by: Uel Ceballos
No film has ever awed me like the “Life of Pi” did. This is certainly one of the most beautiful and enthralling films I’ve ever seen in my years of being a film enthusiast. Director Ang Lee never fails to deliver film with a poetic beauty on such finest and most enthralling spectacles.
The film is based from a novel of the same title written by Yann Martel, focusing to Piscine Molitor “Pi” Patel whose faith is challenged by adversity and catastrophic event that have nearly thrown him into lethargic solitary if Richard Parker hadn’t made it to the lifeboat when the Japanese freighter Tsimsum met its doom. Only that Richard Parker is the last companion that you would ever pray to have whether in an island or in a lifeboat that measured only for 30 headcounts of survivors. This is all for the reason that Richard Parker is not like anyone of us, he’s a fierce and strong 450-pound Bengal tiger who consumed ten pounds of meat a day. Imagine being with him for 227 days in the midst of Pacific just like Pi had experienced when the shipwreck happened.
The book itself is already an astounding masterpiece that it interested producers to adopt Life of Pi for a motion picture. One would be curious to think on where side of the Earth did Yann Martel inspired this story just like where hole did Tolkien dug the Hobbit and where island did Suzanne Collins find the Panem for her Hunger Games. The book was written in a manner that will set you grasping the elements of religion and spirituality for the sake of getting educated by it if not submitting to it. It’s a beautiful story that in one way or another you would hope it were all true not because you’d revel for such tragedy but because the whole event, unforgiving and calamitous on its being, carries with it a message that no one would acquire with totality otherwise experienced first-hand.
Meticulously weaving the fiction elements and sequences is one thing, rendering it into film is another story. No wonder that the project had gone through series of events before the concept was concluded and the people to work behind it were finalized. The film was made to be a 3D live action computer-animated adventure that thanks to the deity of visual effects, Life of Pi mesmerized us with its aesthetic cinematography. It would never come into your mind that Richard Parker wasn’t a real tiger at all and the place they were set into wasn’t the vast and enigmatic Pacific Ocean as you thought it was. Even the earlier parts of the movie which told Pi’s life back in Pondicherry granted us with genial sights of India in its peaceful and vibrant uniqueness of culture and tradition. Watching Life of Pi will fill your eyes with the loveliness yet ferocious temper of nature. You’ll get reminded that ocean, island, wild flora and fauna alike all share magnificent beauties along with savage attributes of which once provoked will get you near zero percent of chance to survive.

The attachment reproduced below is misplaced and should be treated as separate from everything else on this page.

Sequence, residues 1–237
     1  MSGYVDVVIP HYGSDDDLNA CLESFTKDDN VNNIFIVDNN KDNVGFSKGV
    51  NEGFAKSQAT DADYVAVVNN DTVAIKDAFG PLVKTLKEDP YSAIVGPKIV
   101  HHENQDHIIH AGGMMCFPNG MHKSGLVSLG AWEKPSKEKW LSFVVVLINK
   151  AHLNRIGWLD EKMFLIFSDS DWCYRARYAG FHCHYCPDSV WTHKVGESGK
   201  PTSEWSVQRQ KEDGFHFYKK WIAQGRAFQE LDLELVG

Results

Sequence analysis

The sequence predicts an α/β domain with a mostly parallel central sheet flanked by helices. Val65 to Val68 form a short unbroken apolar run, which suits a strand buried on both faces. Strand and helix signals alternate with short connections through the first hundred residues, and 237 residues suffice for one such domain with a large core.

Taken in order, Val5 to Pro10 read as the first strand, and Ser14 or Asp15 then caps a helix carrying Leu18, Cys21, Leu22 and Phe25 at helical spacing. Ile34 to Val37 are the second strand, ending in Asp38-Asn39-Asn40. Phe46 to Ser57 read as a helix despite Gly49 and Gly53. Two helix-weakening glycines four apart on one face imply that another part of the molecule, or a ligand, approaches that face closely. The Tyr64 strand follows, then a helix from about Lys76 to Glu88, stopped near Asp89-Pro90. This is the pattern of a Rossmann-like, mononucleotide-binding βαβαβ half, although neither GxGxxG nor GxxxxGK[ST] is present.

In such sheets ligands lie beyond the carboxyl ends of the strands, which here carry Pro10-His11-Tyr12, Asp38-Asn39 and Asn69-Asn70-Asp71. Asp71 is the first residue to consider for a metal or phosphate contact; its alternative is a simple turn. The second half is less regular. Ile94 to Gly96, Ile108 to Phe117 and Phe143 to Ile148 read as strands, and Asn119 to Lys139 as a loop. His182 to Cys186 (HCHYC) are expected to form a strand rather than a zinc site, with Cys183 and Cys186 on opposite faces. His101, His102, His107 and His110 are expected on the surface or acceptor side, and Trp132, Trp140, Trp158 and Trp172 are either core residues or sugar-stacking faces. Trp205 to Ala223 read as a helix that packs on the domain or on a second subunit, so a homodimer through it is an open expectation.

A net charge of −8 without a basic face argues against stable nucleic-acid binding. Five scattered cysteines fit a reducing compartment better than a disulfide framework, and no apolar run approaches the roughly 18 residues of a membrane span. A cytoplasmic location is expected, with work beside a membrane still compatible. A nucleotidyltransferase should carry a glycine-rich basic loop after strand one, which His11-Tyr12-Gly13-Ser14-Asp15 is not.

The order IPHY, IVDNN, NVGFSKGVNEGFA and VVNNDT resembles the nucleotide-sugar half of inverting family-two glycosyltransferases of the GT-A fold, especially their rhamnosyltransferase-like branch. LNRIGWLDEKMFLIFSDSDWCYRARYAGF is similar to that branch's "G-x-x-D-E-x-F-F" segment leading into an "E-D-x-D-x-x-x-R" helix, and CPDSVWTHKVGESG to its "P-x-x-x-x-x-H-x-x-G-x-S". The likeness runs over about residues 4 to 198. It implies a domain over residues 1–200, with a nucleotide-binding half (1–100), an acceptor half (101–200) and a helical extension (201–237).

Though we viewers haven’t witnessed how everything was made in this another 3D phenomenon success after the movie Avatar, it’s needless to justify now that all was created out of scrupulous effort and years of expertise in 3D visual effect and artistic film treatment. Magic was figuratively done when the leading visual effect company Rhythm and Hues had turned the giant wave tank into Pacific Ocean and created the character of Richard Parker the tiger. One of my favourite sights in the movie is that shot of Pi standing on the boat with the water on still and reflecting the magnificent sky with hues of enticing blue and sun-orange. The scene is too powerful that dialogues are unnecessary because that few seconds of the silent view can already speak for itself – such profound, deeply moving beauty is both communicative and prevailing, the kind of artistic approach that Ang Lee is well adept at.
Not only that Life of Pi was able to intrigue us with its promising technological prowess but it did set us all curious of the leading cast Suraj Sharma who is fresh and inexperienced in acting but did a knockout performance in his role of Pi. Ang Lee has given the film an interesting appeal when he chose international casts for the movie, cutting off from the potential list those who appeared to be inharmoniously recognizable among the others.
For those who haven’t watched this movie yet, go and find time to see. This will surely worth your time and will touch your soul.